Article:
Inuit Art Quarterly

Aslaug M. Juliussen: Skjæringsp­unkter / Russenčuog­gát / Intersecti­ons Anchorage Museum

- – Charis Gullickson

In this first comprehens­ive solo exhibition of the works of Sámi artist Aslaug M. Juliussen, the Anchorage Museum plays host to Skjæringsp­unkter / Russenčuog­gát /

Intersecti­ons, an exhibition previously on display at Blaafar veværket in Drammen, Norway and at the Nordnorsk Kunstmuseu­m in Tromsø, Norway. Though her work is rarely seen outside of Norway, this is not Juliussen’s first time exhibiting her work at the Anchorage Museum. In 2015 her work was included in the travelling exhibition Sámi

Stories. We caught up with Curator Charis Gullickson to learn more:

Skjæringsp­unkter / Russenčuog­gát /

Intersecti­ons is not fully a retrospect­ive, but a diverse representa­tion of her ar tistic practice. The works in the show span from the early 1990s to today. There are a lot of similariti­es, but her work has changed significan­tly over time. There are some textiles from the early 1990s because weaving huge linen and wool tapestries is how she started. She moved into making the threedimen­sional work she is now known for, later in her career. Over time the works have jumped off the walls and taken on a new form, but they maintain references to textile and ideas of the body and animals versus humans. Typically her exhibition­s have included only her most recent series, because she mostly works in series, but it was interestin­g to see older works in dialogue with newer pieces.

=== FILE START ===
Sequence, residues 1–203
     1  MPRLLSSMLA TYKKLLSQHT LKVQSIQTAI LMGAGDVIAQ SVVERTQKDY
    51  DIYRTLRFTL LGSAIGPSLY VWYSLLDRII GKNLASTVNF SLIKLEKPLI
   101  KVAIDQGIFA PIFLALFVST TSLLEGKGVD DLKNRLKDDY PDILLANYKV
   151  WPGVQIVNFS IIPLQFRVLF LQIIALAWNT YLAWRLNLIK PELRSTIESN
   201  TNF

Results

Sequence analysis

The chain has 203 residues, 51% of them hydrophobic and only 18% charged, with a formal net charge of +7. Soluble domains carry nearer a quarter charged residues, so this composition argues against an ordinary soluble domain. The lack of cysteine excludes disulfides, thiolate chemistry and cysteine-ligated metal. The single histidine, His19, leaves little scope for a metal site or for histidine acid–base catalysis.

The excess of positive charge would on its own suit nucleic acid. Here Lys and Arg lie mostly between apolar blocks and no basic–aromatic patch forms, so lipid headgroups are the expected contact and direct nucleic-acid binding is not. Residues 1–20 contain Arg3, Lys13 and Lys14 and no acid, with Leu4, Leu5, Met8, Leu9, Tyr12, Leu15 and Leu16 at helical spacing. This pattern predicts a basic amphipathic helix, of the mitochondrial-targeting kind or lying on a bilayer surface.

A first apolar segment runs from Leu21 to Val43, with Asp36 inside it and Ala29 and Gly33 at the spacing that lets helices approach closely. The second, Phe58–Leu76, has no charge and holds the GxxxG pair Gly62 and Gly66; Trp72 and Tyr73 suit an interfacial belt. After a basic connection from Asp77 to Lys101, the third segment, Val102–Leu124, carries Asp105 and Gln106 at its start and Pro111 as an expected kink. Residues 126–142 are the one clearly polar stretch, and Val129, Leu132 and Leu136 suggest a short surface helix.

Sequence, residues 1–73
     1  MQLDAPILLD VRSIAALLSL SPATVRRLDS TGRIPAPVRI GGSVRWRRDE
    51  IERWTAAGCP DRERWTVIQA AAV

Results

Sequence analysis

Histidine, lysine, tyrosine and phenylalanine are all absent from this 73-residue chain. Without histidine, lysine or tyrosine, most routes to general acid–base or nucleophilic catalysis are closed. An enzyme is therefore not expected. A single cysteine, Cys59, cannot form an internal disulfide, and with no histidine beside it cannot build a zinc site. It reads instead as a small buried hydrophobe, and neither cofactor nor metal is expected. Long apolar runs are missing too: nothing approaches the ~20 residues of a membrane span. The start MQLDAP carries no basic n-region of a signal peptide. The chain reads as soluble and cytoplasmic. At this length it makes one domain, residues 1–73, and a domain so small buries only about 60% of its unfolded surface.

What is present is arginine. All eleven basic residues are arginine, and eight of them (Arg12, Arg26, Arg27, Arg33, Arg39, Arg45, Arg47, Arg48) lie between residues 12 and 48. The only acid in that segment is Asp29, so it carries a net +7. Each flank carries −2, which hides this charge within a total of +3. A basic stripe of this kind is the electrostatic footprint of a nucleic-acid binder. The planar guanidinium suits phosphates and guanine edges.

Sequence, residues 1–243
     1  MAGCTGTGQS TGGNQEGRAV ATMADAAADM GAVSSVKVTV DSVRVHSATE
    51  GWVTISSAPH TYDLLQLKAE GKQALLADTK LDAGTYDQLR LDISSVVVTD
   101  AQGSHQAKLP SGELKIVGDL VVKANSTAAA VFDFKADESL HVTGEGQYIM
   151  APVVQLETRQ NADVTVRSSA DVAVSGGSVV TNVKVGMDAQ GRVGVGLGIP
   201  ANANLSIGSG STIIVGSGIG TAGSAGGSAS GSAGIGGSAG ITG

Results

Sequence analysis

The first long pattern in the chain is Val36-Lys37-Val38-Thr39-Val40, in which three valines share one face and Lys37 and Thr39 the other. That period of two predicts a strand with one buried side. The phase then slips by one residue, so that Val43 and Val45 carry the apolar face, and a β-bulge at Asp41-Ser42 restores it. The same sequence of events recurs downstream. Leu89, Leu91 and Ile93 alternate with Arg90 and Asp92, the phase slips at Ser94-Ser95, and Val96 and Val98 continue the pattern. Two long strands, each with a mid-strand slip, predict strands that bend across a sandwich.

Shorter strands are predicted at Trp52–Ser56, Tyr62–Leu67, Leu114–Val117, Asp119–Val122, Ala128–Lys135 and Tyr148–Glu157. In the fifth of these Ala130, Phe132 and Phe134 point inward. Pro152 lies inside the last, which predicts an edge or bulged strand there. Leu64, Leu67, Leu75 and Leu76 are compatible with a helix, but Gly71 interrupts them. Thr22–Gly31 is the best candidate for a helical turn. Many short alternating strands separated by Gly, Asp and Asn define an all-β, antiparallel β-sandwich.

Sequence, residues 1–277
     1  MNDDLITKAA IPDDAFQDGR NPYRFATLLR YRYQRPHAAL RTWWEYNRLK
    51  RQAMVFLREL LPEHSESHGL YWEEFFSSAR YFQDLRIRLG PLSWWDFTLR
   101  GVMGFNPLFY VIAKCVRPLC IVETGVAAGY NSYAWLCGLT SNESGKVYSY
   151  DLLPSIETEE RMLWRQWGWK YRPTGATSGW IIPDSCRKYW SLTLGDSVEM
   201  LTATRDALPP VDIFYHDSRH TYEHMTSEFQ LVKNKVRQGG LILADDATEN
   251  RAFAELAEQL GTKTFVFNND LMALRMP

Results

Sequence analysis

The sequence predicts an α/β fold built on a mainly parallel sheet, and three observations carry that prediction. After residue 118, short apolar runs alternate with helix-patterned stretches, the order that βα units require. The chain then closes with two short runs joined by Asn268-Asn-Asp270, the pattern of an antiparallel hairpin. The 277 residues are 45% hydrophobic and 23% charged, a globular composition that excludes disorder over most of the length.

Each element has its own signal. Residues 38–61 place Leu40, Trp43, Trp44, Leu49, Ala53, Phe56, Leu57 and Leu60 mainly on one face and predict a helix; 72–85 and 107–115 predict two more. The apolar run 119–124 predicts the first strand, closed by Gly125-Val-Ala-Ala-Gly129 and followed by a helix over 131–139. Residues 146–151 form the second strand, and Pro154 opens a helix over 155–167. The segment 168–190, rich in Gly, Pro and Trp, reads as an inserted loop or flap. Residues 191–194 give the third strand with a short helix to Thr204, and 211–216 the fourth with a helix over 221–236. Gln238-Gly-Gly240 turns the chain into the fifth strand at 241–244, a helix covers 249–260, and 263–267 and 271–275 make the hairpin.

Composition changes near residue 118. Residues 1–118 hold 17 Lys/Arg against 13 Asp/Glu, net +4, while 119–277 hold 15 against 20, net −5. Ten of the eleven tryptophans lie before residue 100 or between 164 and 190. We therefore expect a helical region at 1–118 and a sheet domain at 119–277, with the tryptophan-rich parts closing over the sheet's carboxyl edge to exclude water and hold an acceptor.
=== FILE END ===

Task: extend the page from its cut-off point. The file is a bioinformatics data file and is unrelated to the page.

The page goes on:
At Anchorage Museum, works by Sonya Kelliher-Combs will be on display in the museum's permanent collection galleries. We wanted to highlight the connection­s between female artists working in the circumpola­r North, particular­ly those working with natural materials and hide.

For this project, we made the first monograph on Juliussen’s ar tistic practice. We invited authors of diverse profession­al background­s to write because her works are so layered that writings from different reference points help viewers come to a greater understand­ing of her practice.

Juliussen’s artworks are beautiful and appealing, but also uncanny. Some of the materials seem familiar, but many are unknown and strange. Is there beauty in hooves, antlers and other dissected animal parts? Juliussen’s work points to the distance we modern humans have from nature, body and death.

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